The aim of these Chairs is to facilitate knowledge transfer and strengthen cooperative ties between world-class teams and centers in Spain and international researchers who have made particularly significant contributions in their specialist fields. Further ahead, it is hoped they will contribute to improving the quality of healthcare available to citizens.
The selection of the Chairs, with a duration of between six months and a maximum of one year, was entrusted to an independent review panel. Three of the Biomedicine Chairs are awarded for basic research and another three for clinical research, each one financed with up to 200,000 euros.BASIC BIOMEDICAL RESEARCH
The second basic research Chair goes to Hari Reddi, Lawrence J. Ellison Chair in Musculoskeletal Molecular Biology at the University of California, Davis (United States). Dr. Reddi will work with José Becerra’s team at the University of Malaga on a project dealing with the regeneration of damaged articular cartilage.
Anthony McNaughton, Sheild Professor and Head of the Department of Pharmacology at the University of Cambridge (United Kingdom) will join Carlos Belmonte’s team at the Instituto de Neurociencias de Alicante (University Miguel Hernández-CSIC). The aim of this research collaboration will be to elucidate how the temperature threshold of cold-sensitive ion channels is modulated at the molecular level,CLINICAL BIOMEDICAL RESEARCH
Evan Balaban, Associate Professor on the Behavioral Neurosciences Program at McGill University (Canada), will join the team led by Manuel Desco at the Hospital General Universitario Gregorio Marañón (Madrid). Their shared research will focus on neuroimaging at the dawn of integrative brain function.
The third clinical research Chair goes to Richard Stanley Cooper, Professor of Medicine and Head of the Department of Preventive Medicine and Epidemiology at Loyola University (United States). Cooper will work with Josep Redón’s group at Hospital Clínico de Valencia on the study of genetics and molecular medicine in cardiovascular risk.
The review panel for the 2007 BBVA Foundation Chairs in Biomedicine was formed by Jesús Ávila of the Severo Ochoa Molecular Biology Center (CSIC-UAM, Madrid); Flora de Pablo, from the Instituto de Salud Carlos III (Madrid); Antonio López Farré, from Hospital Clínico San Carlos (Madrid); José M. Mato of CIC bioGUNE (Bilbao); Ricardo Moreno, from Hospital de la Princesa (Madrid); Juan Rodés, from Hospital Clínic i Provincial (Barcelona); and José Manuel Zubeldia, from Hospital General Universitario Gregorio Marañón (Madrid).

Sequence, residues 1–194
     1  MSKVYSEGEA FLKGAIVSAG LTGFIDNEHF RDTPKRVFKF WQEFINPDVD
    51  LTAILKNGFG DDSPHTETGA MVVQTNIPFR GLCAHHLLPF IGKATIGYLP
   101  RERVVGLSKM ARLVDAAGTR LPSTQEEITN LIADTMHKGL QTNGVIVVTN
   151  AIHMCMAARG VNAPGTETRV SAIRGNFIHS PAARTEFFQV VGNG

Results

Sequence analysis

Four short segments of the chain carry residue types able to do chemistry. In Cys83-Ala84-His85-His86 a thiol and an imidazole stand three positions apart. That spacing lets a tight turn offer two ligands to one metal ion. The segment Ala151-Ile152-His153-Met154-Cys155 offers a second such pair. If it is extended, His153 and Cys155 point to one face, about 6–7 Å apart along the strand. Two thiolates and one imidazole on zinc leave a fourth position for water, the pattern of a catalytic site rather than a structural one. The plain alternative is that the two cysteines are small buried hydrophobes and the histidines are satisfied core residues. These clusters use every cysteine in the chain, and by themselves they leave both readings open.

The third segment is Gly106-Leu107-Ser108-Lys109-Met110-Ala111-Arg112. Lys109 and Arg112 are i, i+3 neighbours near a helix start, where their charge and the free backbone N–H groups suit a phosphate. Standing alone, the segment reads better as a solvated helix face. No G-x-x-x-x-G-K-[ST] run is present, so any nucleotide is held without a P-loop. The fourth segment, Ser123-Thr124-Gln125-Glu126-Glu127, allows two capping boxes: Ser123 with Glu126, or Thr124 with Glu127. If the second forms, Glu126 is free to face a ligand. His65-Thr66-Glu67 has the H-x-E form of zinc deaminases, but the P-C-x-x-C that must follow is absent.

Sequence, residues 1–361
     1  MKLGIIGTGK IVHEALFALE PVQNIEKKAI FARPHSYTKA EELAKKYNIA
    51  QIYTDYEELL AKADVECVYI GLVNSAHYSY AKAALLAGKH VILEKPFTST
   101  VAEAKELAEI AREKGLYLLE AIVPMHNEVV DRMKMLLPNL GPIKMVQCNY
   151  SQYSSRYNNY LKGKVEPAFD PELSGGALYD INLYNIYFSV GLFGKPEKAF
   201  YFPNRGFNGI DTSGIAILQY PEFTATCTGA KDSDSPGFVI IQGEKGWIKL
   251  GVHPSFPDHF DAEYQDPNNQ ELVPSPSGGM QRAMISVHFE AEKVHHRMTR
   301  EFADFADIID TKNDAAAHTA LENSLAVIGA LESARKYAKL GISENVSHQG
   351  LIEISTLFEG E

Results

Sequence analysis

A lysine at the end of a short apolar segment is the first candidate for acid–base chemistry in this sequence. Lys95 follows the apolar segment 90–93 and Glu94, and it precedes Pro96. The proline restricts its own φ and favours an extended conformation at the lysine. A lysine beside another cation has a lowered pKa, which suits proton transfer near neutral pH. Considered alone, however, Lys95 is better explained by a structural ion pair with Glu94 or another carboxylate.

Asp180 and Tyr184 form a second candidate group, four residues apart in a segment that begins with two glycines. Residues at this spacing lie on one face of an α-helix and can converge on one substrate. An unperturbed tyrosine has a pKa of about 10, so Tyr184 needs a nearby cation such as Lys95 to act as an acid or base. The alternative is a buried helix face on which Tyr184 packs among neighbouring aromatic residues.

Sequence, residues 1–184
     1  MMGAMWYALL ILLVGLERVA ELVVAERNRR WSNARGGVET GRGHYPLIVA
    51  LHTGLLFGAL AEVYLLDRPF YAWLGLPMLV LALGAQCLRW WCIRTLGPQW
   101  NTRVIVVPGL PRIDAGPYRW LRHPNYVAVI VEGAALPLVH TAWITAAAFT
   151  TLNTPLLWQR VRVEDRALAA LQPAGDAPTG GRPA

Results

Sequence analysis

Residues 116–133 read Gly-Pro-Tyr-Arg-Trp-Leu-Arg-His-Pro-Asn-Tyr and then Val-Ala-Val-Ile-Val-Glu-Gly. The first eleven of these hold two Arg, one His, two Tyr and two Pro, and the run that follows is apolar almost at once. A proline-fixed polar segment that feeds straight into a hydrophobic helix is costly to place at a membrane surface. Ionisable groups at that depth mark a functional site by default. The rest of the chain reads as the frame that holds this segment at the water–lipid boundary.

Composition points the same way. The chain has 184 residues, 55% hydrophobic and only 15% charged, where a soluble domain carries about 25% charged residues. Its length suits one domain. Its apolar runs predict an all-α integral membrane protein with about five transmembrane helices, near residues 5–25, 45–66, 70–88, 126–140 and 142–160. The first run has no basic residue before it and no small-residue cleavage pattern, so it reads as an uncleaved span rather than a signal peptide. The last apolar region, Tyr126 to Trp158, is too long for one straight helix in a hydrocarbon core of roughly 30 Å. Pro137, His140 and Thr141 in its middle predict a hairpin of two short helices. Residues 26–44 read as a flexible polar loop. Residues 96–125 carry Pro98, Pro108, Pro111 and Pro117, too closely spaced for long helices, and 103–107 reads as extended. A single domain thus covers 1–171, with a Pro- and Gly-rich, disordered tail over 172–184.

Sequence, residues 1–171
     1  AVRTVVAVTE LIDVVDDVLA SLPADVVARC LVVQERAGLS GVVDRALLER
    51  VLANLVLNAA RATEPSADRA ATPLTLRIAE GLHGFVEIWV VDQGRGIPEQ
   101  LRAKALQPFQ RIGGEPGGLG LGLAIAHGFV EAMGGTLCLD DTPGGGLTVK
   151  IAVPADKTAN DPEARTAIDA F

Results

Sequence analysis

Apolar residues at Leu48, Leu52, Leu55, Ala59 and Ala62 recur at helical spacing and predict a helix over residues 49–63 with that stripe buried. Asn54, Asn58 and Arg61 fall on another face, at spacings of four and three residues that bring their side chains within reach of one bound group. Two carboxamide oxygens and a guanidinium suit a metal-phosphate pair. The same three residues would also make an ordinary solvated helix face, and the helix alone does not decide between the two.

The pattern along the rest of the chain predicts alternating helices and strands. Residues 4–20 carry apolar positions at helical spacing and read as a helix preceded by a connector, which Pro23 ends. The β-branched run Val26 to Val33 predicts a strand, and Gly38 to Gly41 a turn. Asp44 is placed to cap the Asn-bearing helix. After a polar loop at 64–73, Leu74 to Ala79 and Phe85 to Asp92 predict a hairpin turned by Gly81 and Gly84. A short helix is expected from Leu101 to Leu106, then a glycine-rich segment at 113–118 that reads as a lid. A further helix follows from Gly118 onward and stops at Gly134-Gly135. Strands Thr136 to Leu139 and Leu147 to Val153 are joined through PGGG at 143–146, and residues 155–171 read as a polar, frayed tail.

Javier Fernández | alfa
Innovation Award of the United Nations Environment Programme for PhD Student from ZMT
22.03.2018 | Leibniz-Zentrum für Marine Tropenforschung (ZMT)
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19.03.2018 | INM - Leibniz-Institut für Neue Materialien gGmbH
Satellites in near-Earth orbit are at risk due to the steady increase in space debris. But their mission in the areas of telecommunications, navigation or weather forecasts is essential for society. Fraunhofer FHR therefore develops radar-based systems which allow the detection, tracking and cataloging of even the smallest particles of debris. Satellite operators who have access to our data are in a better position to plan evasive maneuvers and prevent destructive collisions. From April, 25-29 2018, Fraunhofer FHR and its partners will exhibit the complementary radar systems TIRA and GESTRA as well as the latest radar techniques for space observation across three stands at the ILA Berlin.
The "traffic situation" in space is very tense: the Earth is currently being orbited not only by countless satellites but also by a large volume of space...
An international team of researchers has discovered a new anti-cancer protein. The protein, called LHPP, prevents the uncontrolled proliferation of cancer cells in the liver. The researchers led by Prof. Michael N. Hall from the Biozentrum, University of Basel, report in “Nature” that LHPP can also serve as a biomarker for the diagnosis and prognosis of liver cancer.
The incidence of liver cancer, also known as hepatocellular carcinoma, is steadily increasing. In the last twenty years, the number of cases has almost doubled...
In just a few weeks from now, the Chinese space station Tiangong-1 will re-enter the Earth's atmosphere where it will to a large extent burn up. It is possible that some debris will reach the Earth's surface. Tiangong-1 is orbiting the Earth uncontrolled at a speed of approx. 29,000 km/h.Currently the prognosis relating to the time of impact currently lies within a window of several days. The scientists at Fraunhofer FHR have already been monitoring Tiangong-1 for a number of weeks with their TIRA system, one of the most powerful space observation radars in the world, with a view to supporting the German Space Situational Awareness Center and the ESA with their re-entry forecasts.
Following the loss of radio contact with Tiangong-1 in 2016 and due to the low orbital height, it is now inevitable that the Chinese space station will...
Fraunhofer Institute for Organic Electronics, Electron Beam and Plasma Technology FEP, provider of research and development services for OLED lighting solutions, announces the founding of the “OLED Licht Forum” and presents latest OLED design and lighting solutions during light+building, from March 18th – 23rd, 2018 in Frankfurt a.M./Germany, at booth no. F91 in Hall 4.0.
They are united in their passion for OLED (organic light emitting diodes) lighting with all of its unique facets and application possibilities. Thus experts in...
A new scenario seeking to explain how Mars' putative oceans came and went over the last 4 billion years implies that the oceans formed several hundred million...
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